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MSNBC’s Chris Hayes: Available (Thank God)

IT’S MY BOOK GODDAMMIT!

MSNBC host Chris Hayes, who sure knows how to butter up military vets on Memorial Day (wink! wink!), has his first book out. And what a better way to celebrate it then this pitch to interview him. The title: Twilight of the Elites: America After Meritocracy! We had no idea Hayes had written a f&%ked up snobby version of the Twilight saga!

Here’s an offer you can’t refuse: “Schedule an interview on June 13 to hear how Hayes outlines the cause and effects of America’s crisis of authority and calls for a sweeping overhaul of the social order!!” Interview times run from  7 a.m. to 11:30 a.m. and then again from 1:30 p.m. to 3:30 p.m. (Anyone with a book title like that certainly needs a two hour lunch break.) Schedule an interview by writing here: terry@playbackproducers.com.

Get your dictionaries or English translators. The complex book description is as follows: “Hayes rethinks some of the fundamental ideas about the way our society works, offering an original theory about how we have gotten here. He persuasively concludes that the meritocratic system upon which we depend to select the country’s best and brightest is fatally flawed, creating a ruling elite that is no longer functional.”

Hayes personalizes things as only Hazy can: “A proud product of the meritocracy himself, Hayes uses his own alma mater, Hunter High School in New York City, to examine how those who climb the ladder based on their skills then rig the game by either pulling the ladder up after them, or selectively lowering it to help their allies.” (Oh, kinda like the Boybanders he has on his show all the time? Writing from personal experience, we love this!)

In what is the longest book pitch we’ve seen in awhile, they list all the topics that Hayes can discuss in an interview. They all sound terribly snoozeworthy fascinating…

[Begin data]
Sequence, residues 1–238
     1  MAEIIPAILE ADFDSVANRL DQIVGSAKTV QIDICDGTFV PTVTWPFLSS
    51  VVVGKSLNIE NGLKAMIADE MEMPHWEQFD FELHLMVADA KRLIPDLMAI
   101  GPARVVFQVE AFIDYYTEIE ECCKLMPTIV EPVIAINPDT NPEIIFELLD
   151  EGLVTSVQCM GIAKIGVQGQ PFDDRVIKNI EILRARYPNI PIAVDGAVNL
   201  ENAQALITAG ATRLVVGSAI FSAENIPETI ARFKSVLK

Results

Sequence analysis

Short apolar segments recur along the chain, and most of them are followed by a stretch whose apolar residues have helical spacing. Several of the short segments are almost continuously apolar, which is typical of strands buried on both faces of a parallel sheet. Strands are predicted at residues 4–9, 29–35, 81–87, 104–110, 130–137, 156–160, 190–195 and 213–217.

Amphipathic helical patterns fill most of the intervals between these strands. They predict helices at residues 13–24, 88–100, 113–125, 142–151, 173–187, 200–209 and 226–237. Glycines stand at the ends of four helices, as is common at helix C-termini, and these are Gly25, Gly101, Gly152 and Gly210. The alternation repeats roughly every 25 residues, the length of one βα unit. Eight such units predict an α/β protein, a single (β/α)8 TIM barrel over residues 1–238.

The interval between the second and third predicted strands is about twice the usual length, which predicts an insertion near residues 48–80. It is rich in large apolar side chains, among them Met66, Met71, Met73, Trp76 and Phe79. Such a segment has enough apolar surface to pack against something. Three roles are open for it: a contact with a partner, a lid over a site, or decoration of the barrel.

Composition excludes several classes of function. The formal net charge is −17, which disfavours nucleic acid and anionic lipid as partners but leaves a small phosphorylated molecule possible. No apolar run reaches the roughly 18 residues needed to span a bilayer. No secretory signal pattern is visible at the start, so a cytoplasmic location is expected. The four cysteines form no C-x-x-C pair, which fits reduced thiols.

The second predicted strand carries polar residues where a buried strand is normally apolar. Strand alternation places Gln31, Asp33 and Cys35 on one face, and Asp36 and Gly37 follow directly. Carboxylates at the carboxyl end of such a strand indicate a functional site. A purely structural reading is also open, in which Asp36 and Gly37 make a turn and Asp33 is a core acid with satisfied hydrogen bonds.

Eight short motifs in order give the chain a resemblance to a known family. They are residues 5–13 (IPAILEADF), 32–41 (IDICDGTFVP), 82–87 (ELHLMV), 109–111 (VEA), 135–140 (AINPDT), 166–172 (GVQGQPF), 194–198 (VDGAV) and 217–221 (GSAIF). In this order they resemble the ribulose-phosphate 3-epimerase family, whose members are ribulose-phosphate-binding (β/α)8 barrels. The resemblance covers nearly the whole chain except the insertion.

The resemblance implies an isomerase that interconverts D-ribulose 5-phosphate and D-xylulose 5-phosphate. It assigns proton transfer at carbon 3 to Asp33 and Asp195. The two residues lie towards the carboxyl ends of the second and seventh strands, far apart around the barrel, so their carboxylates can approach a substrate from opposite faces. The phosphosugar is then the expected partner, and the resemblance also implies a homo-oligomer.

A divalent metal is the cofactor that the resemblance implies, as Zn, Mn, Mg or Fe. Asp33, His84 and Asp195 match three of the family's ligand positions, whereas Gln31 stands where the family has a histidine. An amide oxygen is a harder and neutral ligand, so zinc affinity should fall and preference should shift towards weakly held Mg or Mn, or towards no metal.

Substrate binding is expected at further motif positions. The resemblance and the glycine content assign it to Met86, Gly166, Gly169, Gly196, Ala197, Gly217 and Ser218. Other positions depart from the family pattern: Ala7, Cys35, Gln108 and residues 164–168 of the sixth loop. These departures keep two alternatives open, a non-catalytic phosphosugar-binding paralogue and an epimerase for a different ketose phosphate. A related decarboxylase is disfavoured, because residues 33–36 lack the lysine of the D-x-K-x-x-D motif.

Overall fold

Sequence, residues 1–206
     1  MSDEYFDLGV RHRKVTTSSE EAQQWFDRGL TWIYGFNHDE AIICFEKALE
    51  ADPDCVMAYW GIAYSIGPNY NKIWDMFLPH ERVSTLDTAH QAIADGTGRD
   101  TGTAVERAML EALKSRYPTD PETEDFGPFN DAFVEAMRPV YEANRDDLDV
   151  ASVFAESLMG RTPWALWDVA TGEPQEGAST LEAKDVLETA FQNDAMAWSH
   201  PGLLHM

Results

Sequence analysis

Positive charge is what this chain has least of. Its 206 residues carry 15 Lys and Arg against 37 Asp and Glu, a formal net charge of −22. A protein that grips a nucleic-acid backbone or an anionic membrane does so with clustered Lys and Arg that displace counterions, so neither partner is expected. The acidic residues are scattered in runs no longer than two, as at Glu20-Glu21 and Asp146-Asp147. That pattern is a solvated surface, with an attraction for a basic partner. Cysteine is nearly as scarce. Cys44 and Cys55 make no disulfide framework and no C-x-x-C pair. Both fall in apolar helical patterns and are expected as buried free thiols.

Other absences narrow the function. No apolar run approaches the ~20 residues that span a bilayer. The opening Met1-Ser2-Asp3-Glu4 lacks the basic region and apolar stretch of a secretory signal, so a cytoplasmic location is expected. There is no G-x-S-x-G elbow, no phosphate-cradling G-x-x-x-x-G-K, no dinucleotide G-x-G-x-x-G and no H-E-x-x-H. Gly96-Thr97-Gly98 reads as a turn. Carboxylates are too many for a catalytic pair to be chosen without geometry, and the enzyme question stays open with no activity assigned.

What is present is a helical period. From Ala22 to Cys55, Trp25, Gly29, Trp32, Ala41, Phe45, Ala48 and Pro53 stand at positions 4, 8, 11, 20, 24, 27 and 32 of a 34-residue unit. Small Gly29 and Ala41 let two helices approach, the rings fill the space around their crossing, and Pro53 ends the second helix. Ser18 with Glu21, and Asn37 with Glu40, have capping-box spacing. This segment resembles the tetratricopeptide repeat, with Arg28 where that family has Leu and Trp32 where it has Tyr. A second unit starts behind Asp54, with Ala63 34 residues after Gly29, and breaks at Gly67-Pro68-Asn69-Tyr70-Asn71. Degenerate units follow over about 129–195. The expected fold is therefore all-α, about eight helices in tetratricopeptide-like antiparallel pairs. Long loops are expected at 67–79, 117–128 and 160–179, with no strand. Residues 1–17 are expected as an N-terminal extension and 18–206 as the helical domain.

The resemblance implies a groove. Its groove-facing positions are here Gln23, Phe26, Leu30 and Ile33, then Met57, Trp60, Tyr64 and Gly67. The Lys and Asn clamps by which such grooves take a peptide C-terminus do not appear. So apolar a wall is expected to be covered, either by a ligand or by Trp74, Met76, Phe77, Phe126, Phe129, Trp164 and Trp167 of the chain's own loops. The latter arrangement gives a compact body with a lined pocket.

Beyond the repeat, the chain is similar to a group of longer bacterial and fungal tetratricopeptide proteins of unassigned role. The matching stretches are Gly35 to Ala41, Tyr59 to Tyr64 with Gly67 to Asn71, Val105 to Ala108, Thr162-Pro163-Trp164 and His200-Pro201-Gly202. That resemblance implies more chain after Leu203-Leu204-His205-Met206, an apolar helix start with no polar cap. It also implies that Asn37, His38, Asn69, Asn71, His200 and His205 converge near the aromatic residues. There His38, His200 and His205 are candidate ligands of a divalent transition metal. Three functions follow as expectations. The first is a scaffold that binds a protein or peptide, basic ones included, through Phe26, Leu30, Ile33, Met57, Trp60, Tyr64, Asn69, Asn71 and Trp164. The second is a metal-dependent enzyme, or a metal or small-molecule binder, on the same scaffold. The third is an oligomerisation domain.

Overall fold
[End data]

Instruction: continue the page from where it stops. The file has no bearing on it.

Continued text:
We highlighted our three favorites.

In an interview, Hayes can discuss:

•The three primary sources of power in the twenty-first century: money, platform, and networks—and why he uses those to define what he means by “elite”
•The core dissatisfaction shared by members of MoveOn, Occupy Wall Street, and the Tea Party
•The danger in the fact that we increasingly trust the men with the guns more than the men in the suits
•The fundamental problem with meritocracy: how difficult it is to maintain it in its pure and noble form and why, as it degrades, the elites it produces fail to deliver the results we have come to expect—and need—from our nation’s leaders
•Fractal inequality, or why being part of the  .001%  can feel like being one of the 99%
•Why Smartness + Social Distance = Catastrophe
•The dirty secret of meritocracy, America’s most vaunted institution: it’s actually based on elitism
•What the steroids scandal in baseball reveals about the ways that meritocracies are prone to corruption
•What a post-meritocratic society would look like—and why the answer doesn’t lie solely with education
•Two schools of thought on reform of our social order: insurrectionist vs. institutionalist
•The Iron Law of Meritocracy: Eventually, the inequality produced by a meritocratic system will grow large enough to subvert the mechanisms of mobility
•The path forward: establishing mechanisms by which the power of the current elite can be radically reduced
•The need for a newly radicalized upper middle class to challenge the incumbent interests
•Why this is not a left/right problem

 

 

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